Peters fared no better. At 11:06 Alex Ovechkin got his second goal of the game on a play that started with a Carolina turnover. Defenseman Joni Pitkanen tried to move the puck up the left wing wall, but the pass struck Ovechkin in front of the players bench and skittered to the middle of the ice. Backstrom picked up the puck there and headed into the Carolina zone accompanied by Ovechkin on a 2-on-1 break. Backstrom laid the puck across onto the tape of Ovechkin’s stick and it was just a snap shot from there over Peters’ glove, and the Caps had the lead.
Carolina compounded their problem by allowing the Caps a shorthanded goal with under a minute to play in the second period. It was another turnover, this one occurring when Marc-Andre Bergeron crossed the Caps’ blue line and tried to feed the puck to Eric Staal at the right wing wall. The pass was behind Staal, and when the loose puck caromed off the wall, Marcus Johansson was first to it. He and Joel Ward headed out on another 2-on-1 for the Caps and when Joe Corvo tried to defend Johansson, it was Johansson feeding the puck across to Ward for the one-timer and a 5-3 lead for the Caps. Oddly enough it would be the only goal on which Nicklas Backstrom did not record an assist. His four-assist game was the seventh time he turned the trick, the first time since getting four helpers in a 6-3 win over Tampa Bay on Veterans Day, 2010.
From there the Caps turned it over to Braden Holtby, who stopped all ten shots he faced in the third period, and the Caps had a 5-3 win plus a .500 record for the first time in the 2013 season.
The Takeaway: It was the start of quite a finishing kick for the Caps. Starting with this first game of April, Washington went 11-1-1 for the month to close the regular season. And they did it with their big guns firing. In this game, Ovechkin went 2-1-3, Backstrom went 0-4-4, and Green went 2-0-2. It started a month in which Ovechkin would go 14-8-22 in 13 games, Backstrom would go 2-15-17in 13 games, and Green would go 7-8-15 in 13 games. Needless to say, that .500 mark was in the rear-view mirror pretty quickly.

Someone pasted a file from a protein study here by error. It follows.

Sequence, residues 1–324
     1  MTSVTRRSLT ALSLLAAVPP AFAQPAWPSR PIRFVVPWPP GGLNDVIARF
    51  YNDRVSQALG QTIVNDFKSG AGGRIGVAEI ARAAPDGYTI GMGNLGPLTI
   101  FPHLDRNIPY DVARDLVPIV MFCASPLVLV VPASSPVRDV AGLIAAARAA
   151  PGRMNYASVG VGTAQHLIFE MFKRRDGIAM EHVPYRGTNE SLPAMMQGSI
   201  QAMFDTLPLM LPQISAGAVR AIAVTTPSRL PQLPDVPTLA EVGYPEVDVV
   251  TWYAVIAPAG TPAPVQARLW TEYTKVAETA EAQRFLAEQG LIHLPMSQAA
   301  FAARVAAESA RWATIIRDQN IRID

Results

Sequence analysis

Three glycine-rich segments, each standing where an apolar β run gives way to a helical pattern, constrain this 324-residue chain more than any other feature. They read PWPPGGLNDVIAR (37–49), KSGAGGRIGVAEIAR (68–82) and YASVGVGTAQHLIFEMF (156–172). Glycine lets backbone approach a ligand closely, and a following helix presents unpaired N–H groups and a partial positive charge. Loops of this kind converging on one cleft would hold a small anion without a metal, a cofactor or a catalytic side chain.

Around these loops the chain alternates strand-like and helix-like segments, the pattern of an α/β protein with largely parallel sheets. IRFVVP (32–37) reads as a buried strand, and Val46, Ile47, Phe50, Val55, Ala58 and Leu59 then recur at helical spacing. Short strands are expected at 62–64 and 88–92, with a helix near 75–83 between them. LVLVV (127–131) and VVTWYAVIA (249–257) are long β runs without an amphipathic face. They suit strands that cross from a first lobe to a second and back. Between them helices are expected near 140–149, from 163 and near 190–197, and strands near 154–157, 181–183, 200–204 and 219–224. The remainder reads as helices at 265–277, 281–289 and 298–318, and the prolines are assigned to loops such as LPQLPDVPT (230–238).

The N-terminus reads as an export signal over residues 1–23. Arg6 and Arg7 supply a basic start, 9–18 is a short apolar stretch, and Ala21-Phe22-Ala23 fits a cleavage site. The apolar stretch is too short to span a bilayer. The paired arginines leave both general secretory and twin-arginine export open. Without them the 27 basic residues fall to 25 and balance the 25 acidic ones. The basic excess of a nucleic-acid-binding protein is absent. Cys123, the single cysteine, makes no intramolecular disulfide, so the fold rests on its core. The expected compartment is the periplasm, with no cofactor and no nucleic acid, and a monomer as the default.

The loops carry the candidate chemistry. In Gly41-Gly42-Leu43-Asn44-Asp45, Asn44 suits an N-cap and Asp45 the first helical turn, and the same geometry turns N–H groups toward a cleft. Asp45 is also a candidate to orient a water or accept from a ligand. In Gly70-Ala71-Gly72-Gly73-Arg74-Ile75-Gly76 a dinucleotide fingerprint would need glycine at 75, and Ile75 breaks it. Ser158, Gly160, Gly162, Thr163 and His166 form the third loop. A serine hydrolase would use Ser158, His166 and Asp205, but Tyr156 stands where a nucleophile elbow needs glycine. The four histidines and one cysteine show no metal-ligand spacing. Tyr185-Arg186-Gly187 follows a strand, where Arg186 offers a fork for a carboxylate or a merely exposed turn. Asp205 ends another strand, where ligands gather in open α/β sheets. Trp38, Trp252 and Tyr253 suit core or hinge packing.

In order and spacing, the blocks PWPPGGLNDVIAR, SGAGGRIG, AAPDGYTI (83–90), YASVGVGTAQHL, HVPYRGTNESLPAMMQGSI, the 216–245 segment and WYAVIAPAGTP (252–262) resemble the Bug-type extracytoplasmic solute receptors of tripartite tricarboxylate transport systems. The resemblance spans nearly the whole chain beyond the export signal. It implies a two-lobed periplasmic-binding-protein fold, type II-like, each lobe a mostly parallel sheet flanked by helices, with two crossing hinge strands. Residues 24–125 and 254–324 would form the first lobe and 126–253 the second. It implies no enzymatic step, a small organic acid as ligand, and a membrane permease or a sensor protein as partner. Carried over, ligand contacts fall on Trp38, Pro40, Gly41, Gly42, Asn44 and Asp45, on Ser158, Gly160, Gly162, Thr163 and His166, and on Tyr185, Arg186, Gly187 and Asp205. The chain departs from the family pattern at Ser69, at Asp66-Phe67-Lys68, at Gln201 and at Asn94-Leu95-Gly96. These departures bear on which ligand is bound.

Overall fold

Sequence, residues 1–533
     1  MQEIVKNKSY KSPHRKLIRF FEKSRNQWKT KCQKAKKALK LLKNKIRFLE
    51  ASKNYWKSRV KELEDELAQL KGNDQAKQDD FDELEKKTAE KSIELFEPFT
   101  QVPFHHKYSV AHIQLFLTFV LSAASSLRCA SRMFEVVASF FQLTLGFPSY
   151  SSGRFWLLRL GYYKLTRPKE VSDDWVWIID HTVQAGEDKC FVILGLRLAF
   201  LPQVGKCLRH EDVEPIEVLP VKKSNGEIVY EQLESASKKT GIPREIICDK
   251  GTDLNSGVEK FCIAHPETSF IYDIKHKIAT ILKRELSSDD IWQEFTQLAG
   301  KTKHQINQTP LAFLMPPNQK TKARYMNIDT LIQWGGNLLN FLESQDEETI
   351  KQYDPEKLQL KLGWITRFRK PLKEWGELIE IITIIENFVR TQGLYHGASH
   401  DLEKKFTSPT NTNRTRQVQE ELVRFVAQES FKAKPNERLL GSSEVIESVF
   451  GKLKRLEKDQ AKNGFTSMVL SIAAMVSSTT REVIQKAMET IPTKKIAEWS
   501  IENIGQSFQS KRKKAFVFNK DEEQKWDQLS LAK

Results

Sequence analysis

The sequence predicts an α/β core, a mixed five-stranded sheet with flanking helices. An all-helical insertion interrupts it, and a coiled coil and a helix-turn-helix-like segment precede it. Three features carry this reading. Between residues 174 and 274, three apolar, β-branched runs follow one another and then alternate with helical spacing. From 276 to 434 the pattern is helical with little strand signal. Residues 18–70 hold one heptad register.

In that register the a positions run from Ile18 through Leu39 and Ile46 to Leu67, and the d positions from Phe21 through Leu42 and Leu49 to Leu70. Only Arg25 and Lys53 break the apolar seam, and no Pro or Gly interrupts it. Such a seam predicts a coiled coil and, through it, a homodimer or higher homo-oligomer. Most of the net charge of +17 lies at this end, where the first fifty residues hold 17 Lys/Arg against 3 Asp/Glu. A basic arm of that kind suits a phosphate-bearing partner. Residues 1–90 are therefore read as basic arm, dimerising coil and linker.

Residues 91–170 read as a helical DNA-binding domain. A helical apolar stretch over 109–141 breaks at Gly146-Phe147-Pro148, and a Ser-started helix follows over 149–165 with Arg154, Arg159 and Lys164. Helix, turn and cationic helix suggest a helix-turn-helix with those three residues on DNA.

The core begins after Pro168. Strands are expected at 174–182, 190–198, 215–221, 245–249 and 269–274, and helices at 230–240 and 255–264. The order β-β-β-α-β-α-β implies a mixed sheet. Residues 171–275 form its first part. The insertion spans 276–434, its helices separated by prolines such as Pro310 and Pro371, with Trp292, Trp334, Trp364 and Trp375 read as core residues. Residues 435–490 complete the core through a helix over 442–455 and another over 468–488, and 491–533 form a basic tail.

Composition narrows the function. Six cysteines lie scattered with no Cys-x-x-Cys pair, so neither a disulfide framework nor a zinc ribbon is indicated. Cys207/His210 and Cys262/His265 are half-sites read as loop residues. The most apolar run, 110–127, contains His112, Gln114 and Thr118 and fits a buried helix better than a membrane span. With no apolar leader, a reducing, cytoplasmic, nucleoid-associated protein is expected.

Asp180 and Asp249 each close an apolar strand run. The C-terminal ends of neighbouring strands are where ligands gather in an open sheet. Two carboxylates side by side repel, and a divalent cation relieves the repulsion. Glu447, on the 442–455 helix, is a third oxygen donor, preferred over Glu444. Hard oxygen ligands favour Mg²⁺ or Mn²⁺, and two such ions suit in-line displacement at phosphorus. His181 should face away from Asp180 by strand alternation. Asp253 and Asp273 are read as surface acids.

In the end…
This win would be the first in what became an eight-game winning streak for the Caps. That would make it six consecutive seasons in which Washington enjoyed a winning streak of at least seven games. Considering it took the Caps 20 games to accumulate a total of eight wins at the start of the season, they had come a long way. For Carolina, it was another stop on their descent into oblivion. They would go 3-10-2 for the month, wrapping up a ghastly second half of the season. After having gone 15-9-1 in their first 25 games, the Hurricanes finished 4-16-3 in their last 23 contests, largely the result of a series of injuries to critical players. What that meant for the Caps was that one rival was dropping out of the race for the Southeast Division title, leaving only Winnipeg ahead of them in the stretch run. That was what made this game, one in which the Caps passed the Hurricanes for good and reached .500 in the process, a game that mattered in the 2013 season.
Photo: Chris Seward/News Observer